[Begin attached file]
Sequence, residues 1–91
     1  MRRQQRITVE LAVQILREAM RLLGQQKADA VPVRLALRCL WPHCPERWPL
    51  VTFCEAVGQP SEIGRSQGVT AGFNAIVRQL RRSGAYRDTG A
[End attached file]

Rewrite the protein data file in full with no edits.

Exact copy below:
Sequence, residues 1–91
     1  MRRQQRITVE LAVQILREAM RLLGQQKADA VPVRLALRCL WPHCPERWPL
    51  VTFCEAVGQP SEIGRSQGVT AGFNAIVRQL RRSGAYRDTG A